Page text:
“Why are there many arts and not just one?” asked the philosopher Jean-Luc Nancy. Carol Szymanski undoes Nancy’s distinction by making one art of many. For her, meaning emerges from the adjacency of diverse media and languages.
Her new exhibition, “My Life Is an Index,” comprises a number of distinct types of work that are all nonetheless conceptually interrelated, including painting, photography, inflatable mylar sculpture, neon signs, and silkscreened wall texts, as well as a musical performance that will take place on October 4. They are united by an overlay of systems in which, for instance, the colors of the spectrum are mapped onto the notes of the musical scale and then in turn onto an array of hand gestures and of spoken interjections as expressions of feeling. Also on view will be a digital display of the collected archive of cockshut dummy, the email project based on the categories of Roget’s Thesaurus, which she recently brought to a conclusion after eleven years of work. The cockshut dummy, which will be published later this year in book form in collaboration with Book Works, London, remains a bottomless well of material for Szymanski’s ongoing work. As Rob Colvin recently wrote on hyperallergic.com, Szymanski’s art contests the presupposition that a work must be either “a visual starting point or conclusion of an artist’s intentions.” Instead, her works are points of transfer between different systems of meaning.
“Based in language, bound up in the syntax of human communication, without being reduced to it,” as Colvin remarked, her work “doesn’t represent anything at all, but instead makes lateral moves and jumps across various types of description. And, still, it’s not abstract art.” Writing about Szymanski’s 2012 solo show “Pissin’ Against the Wind, or, Sketches on the Mental Drain of the Dead Banker,” Michael Wilson in Time Out New York spoke of “a poetics of disruption that reflects the chaotic unraveling of the global market.” Szymanski’s art may be elusive—but it is joyfully so, albeit with an ever-present tinge of irony. Wanting to exhibit the idea of “cheerfulness,” she fished from her cockshut dummy archive the words that appear in the gallery as a colorful wall text: Ciao Berlusconi, Libia sta benissimo, non c’e problema!—the last message before his fall from Libyan dictator Muammar Gaddafi to his friend the then-Italian Prime Minister.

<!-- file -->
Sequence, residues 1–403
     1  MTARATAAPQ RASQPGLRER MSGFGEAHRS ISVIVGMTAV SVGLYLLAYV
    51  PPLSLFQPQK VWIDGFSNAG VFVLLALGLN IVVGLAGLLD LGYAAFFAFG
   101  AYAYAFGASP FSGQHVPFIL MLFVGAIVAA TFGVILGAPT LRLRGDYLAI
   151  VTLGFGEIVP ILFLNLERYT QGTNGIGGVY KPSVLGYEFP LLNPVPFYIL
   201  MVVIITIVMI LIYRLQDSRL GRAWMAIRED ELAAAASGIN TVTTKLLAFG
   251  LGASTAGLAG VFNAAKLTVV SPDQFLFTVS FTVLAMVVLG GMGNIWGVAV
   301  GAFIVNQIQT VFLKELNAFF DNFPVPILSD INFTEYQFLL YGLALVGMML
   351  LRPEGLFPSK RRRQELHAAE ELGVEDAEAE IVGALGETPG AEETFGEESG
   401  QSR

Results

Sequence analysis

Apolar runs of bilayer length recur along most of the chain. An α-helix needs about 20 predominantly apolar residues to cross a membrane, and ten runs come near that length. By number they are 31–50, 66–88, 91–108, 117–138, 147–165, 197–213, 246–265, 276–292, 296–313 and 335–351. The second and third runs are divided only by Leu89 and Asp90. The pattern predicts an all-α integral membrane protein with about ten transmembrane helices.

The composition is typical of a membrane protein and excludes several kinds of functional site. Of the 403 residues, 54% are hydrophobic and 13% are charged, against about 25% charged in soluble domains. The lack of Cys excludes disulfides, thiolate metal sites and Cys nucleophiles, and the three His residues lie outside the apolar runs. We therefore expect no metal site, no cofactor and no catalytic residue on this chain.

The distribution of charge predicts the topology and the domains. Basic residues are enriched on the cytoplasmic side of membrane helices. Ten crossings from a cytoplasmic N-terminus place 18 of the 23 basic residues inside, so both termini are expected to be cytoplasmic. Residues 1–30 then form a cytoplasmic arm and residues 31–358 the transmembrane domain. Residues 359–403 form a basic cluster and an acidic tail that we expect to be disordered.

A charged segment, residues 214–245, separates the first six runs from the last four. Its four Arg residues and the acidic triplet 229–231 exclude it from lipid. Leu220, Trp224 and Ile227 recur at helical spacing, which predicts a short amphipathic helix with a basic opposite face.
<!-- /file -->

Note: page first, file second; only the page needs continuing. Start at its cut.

The musical performance Lost Edge of a Square/Dark Corner/Obscure Corner, based on the artist’s transformation of a poem by Pierre Reverdy and composed by Betsy McClelland, will be performed in the gallery on Sunday, October 4 at 5 pm by the Ekmeles Vocal Ensemble under the direction of Jeffrey Gavett. This will be followed by a reading of Barry Schwabsky.